Capitol Hill is one of Seattle’s densest neighborhoods, packed with not only apartments, but some of the city’s most popular arts and nightlife destinations. Despite the neighborhood taking on a lot of the city’s rapid change, many longtime residents maintain that Capitol Hill keeps a culture all its own.
“We are the neighborhood that accepts and shapes the change naturally happening here,” Capitol Hill Community Council board member and newly elected school board member Zachary DeWolf while nominating the neighborhood. “We are the neighborhood that puts our neighbors first—no matter their story—because each and every one of us are neighbors.”
DeWolf elaborated: “We’re prioritizing our neighbors experiencing homelessness by having these critical conversations from compassion and actionable ways to help, we’re prioritizing our neighbors with addiction [and] substance use issues by communicating that harm reduction works and we want a supervised consumption site, and we’re prioritizing our neighbors who rent by making sure their voices are heard at city hall and to the [broader] community.”
It’s also important to remember that Capitol Hill isn’t just Pike and Pine. The Urbanist’s senior editor Ryan Packer wrote in not to boost Capitol Hill as a whole, but one specific pocket: Summit Slope.
“We eschew but ultimately submit to the overall Capitol Hill label, but much like Crown Hill is ultimately labelled Ballard, we are an undeniably unique subset of the overall ‘thing’ that is [increasingly called Cap Hill,” said Packer. He said the area “presents a unique identity of urban living,” and feature not only some of the city’s most iconic rental buildings—including the Biltmore—but also the original Top Pot Donuts, the 47 bus, “an awesome bodega with the best beer selection around,” and three parks all their own.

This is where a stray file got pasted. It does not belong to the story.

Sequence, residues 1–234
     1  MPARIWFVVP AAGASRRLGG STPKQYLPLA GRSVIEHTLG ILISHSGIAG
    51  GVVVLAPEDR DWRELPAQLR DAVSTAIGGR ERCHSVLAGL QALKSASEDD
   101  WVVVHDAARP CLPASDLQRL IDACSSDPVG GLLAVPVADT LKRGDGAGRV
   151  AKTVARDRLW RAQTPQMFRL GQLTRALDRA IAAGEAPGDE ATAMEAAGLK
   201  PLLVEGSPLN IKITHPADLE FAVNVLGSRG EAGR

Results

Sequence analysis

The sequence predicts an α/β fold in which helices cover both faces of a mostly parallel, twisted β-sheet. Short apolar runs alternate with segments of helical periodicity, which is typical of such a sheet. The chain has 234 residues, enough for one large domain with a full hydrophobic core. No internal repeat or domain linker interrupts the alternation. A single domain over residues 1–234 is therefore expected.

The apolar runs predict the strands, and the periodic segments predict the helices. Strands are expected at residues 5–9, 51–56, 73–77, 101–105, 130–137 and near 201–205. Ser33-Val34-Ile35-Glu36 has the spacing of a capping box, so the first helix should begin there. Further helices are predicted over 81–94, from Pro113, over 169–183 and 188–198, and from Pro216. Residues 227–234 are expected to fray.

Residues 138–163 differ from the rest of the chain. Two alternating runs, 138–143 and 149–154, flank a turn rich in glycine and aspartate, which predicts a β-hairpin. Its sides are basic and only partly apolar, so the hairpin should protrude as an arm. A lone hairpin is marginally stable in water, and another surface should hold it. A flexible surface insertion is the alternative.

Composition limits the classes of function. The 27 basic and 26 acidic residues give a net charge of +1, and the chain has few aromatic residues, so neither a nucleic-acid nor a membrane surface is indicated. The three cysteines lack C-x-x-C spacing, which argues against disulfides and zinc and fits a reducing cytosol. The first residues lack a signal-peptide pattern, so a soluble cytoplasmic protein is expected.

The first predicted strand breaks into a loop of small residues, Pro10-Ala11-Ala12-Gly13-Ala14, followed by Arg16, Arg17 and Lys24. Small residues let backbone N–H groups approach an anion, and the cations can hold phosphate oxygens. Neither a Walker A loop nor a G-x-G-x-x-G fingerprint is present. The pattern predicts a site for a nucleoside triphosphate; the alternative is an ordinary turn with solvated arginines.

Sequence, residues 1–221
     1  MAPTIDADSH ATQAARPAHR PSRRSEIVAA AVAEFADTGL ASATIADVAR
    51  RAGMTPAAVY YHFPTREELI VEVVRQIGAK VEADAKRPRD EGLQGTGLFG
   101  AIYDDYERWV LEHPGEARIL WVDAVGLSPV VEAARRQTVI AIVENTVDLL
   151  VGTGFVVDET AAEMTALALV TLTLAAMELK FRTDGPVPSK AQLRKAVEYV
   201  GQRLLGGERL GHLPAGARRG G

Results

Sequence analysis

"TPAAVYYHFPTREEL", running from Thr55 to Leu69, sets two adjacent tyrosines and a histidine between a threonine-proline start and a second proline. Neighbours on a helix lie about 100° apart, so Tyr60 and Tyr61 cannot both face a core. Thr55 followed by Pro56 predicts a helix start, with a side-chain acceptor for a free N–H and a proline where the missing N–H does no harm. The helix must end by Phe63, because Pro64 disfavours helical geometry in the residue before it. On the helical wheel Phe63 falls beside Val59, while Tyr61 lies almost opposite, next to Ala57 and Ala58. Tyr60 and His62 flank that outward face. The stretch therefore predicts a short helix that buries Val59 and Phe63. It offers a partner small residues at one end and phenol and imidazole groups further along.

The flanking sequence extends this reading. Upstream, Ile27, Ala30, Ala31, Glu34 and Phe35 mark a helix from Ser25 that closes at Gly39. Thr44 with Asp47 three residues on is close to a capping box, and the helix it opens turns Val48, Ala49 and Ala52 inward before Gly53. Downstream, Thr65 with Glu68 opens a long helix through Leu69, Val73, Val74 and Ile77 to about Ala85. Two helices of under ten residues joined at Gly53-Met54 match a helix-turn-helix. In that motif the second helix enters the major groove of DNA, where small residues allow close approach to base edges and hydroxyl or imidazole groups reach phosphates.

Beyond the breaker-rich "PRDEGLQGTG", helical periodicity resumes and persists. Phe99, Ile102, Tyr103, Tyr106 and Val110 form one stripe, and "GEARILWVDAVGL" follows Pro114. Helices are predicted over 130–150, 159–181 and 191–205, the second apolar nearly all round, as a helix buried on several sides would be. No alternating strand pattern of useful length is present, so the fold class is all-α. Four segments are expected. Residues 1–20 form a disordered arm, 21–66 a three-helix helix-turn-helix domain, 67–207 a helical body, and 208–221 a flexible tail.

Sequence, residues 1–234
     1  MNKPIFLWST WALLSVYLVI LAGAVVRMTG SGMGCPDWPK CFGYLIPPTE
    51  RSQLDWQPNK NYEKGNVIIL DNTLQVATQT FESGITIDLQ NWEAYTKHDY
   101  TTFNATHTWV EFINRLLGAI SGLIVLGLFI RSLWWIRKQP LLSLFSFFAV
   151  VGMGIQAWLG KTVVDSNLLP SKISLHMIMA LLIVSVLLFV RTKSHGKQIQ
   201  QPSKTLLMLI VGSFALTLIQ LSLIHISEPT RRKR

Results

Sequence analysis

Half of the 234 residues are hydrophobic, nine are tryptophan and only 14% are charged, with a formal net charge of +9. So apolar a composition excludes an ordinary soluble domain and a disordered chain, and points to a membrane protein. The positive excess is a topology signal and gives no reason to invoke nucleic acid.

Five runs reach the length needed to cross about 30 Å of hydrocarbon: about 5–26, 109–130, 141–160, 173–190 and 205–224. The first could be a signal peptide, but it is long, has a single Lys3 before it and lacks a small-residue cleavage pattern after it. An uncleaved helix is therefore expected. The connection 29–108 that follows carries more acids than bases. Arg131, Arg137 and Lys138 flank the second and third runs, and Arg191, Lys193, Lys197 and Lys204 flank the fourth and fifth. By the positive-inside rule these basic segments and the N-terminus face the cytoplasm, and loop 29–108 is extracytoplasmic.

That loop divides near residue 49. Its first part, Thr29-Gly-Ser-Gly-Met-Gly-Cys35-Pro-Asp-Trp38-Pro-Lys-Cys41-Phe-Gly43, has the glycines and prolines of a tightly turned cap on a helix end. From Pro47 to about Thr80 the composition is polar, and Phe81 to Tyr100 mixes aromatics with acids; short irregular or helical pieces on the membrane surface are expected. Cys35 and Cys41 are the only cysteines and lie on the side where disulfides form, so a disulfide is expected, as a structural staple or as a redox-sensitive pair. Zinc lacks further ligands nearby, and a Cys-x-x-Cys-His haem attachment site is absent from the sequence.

The Hill’s main weakness: Are we over it? The neighborhood made it to the finals in 2011, but wasn’t even seeded in 2016. But with the neighborhood’s community activism at the forefront of many of 2017’s headlines—including the formation of the Renters Commission—it could be in for a renaissance.
While some view Capitol Hill as eschewing everything that made it weird, Georgetown has kept a vice grip on its identity—confident, artistic, and a little rough around the edges. Its neighborhood traditions run deep and strong, towering over the area like a tall bike, including the annual Georgetown Carnival, the monthly Georgetown Art Attack, and the weekly Georgetown Trailer Park Mall.
While, like everywhere, Georgetown has seem some change and development, most businesses in Georgetown seem like institutions: Between Smarty Pants and Georgetown Liquor Company, they have some of the best sandwiches in town. Jules Maes is perhaps Seattle’s oldest bar, no matter when you’re counting from, and Seattle just doesn’t make dives like 9 Lb Hammer anymore.
Despite having a whole lot to brag about, Georgetown is one of the least pretentious of Seattle’s offbeat neighborhoods. Its residents are too busy making stuff—like turning an abandoned gas station into a park and art gallery—to play gatekeeper.
Georgetown made it to the finals in 2014, facing off against Columbia City. It didn’t advance past the first round in 2016, though. Do they have what it takes to make the Elite 8 this year?
Which neighborhood should advance this week? This poll closes Wednesday, December 13 at 12:30 p.m., so get those votes in. (Not seeing the poll? Try exiting Apple News or Google Amp.)